Defining relative clauses (also known as restrictive relative clauses) identify a noun more clearly. They make it clear which specific person or thing we are talking about.
The man is my brother.
This sentence is NOT clear because there are 2 men. Which man is my brother? We use a defining relative clause to make it more clear:
The man who is standing is my brother.
The underlined text “who is standing” is the defining relative clause. It defines more precisely the “man”. That is why it is called a “defining relative clause.” It narrows down a large group to a clearly defined one.
Relative clauses are good because they allow us to write complex sentences.
Relative pronouns are part of the relative clause. We link the relative clause to the noun with a relative pronoun.
There are 5 relative pronouns as follows:
Let’s look at each one in more detail.
We use “who” for people only. It acts as the subject pronoun.
The customer who called me was happy. (subject pronoun)
In modern English, “who” is also commonly used as an object pronoun.
The customer who I called was angry. (object pronoun)
However, it should be noted that in strict English grammar, “who” is only used as a subject pronoun. In more formal English, “whom” is used as an object pronoun.
We use “whom” for people only. It acts as the object pronoun.
The customer whom I called was angry. (object pronoun)
“whom” is only really used in very formal English. It is more common to use “who” as the object pronoun for people.
“who” and “whom” are often replaced by “that” in spoken English (see below).
We use “which” for things or animals. “which” acts as a subject or object pronoun.
It’s a book which will interest you. (subject pronoun)
The car which he bought was expensive. (object pronoun)
“which” is often replaced by “that” in spoken English (see below).
We use “that” for people or things. “that” acts as a subject or object pronoun.
Examples with people:
The customer that called me was angry. (subject pronoun)
The customer that I called was happy. (object pronoun)
Examples with things:
It’s a film that scared us. (subject pronoun)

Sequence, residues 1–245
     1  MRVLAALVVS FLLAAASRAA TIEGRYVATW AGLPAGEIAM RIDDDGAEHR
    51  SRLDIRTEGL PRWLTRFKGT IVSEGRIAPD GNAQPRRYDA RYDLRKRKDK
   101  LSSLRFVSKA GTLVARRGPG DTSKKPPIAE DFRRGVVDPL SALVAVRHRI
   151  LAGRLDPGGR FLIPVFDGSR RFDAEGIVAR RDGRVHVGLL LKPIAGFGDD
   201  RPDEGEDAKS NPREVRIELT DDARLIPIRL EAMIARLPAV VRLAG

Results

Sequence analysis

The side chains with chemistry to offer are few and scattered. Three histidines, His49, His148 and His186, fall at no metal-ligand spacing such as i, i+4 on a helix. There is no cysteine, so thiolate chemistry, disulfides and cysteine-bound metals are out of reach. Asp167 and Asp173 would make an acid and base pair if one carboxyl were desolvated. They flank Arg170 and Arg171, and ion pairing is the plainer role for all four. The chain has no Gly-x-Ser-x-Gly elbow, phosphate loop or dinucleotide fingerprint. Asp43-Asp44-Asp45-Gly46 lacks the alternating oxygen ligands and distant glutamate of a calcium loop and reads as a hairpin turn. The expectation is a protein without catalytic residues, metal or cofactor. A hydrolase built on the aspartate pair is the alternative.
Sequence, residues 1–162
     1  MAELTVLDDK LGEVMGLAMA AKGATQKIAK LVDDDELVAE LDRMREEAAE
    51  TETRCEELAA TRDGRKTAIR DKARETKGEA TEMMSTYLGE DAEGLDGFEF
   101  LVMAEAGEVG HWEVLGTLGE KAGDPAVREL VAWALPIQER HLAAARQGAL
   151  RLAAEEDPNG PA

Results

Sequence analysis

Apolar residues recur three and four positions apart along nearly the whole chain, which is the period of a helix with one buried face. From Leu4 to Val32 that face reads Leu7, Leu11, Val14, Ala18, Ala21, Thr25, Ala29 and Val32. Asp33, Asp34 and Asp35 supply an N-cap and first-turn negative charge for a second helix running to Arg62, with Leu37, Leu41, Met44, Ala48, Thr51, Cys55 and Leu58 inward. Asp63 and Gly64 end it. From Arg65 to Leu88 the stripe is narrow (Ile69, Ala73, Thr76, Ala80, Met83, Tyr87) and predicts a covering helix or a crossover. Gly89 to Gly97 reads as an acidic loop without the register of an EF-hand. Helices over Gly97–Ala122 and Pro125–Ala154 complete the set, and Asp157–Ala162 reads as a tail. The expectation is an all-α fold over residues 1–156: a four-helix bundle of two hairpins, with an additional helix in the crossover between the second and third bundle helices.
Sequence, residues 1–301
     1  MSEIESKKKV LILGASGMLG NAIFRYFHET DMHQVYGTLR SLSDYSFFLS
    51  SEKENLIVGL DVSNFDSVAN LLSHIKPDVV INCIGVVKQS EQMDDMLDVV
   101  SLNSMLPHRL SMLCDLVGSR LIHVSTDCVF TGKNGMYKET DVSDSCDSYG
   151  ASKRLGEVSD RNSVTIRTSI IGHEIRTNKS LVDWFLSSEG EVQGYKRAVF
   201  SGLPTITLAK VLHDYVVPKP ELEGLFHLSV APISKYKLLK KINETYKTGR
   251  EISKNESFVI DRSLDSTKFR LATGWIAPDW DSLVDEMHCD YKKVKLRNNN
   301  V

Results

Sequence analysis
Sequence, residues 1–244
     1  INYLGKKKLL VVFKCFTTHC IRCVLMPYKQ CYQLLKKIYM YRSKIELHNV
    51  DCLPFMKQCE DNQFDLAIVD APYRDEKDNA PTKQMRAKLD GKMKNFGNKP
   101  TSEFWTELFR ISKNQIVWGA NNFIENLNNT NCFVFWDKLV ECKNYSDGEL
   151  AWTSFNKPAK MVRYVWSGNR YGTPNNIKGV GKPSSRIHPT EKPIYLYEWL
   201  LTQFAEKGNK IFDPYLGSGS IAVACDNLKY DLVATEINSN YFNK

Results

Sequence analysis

The dress that she was wearing was beautiful. (object pronoun)
“that” is very common in spoken English.
We use “whose” for people or things. “whose” acts as a possessive pronoun. This means it defines who owns something or someone (who is the parent of someone).
I know a man whose daughter lives in New York.
(The daughter of the man lives in New York.)
Jane works in a restaurant whose manager is never there.
(The manager of the restaurant is never there.)
Position of prepositions in a defining relative clause
There are 2 choices for the position of prepositions:
- before the relative pronoun (formal)
- at the end of the relative clause (informal)
I like the people with whom I work. (formal)
I like the people that I work with. (informal)
That is the flat in which my parents live. (formal)
That is the flat which my parents live in. (informal)
“who” or “that” are not used after prepositions:
I like the people with who I work.
That is the flat in that my parents live.
Omission of the relative pronoun
The relative pronoun can be omitted when it is the object of the clause. This is optional. We can leave it in if we want.
The customer who I called was very happy.
The customer I called was very happy.
He is eating the sandwich that you made.
He is eating the sandwich you made.
When the relative pronoun is the subject of the clause, it cannot be omitted. We must leave it in.
The customer who called me was angry.
The customer called me was angry.
Punctuation rule with defining relative clauses
We do not use commas (,) to separate the relative clause from the rest of the sentence when writing defining relative clauses.
It’s a book which will interest you.
It’s a book, which will interest you.
The girl who is talking to Mark is my sister.
The girl, who is talking to Mark, is my sister.
We only use commas when writing non-defining relative clauses.
More English lessons
IELTS preparation and writing practice
Private online English lessons with a native speaker
Non-defining relative clauses
Reflexive pronouns and intensive pronouns
Personal pronouns in English
Present perfect verb tense in English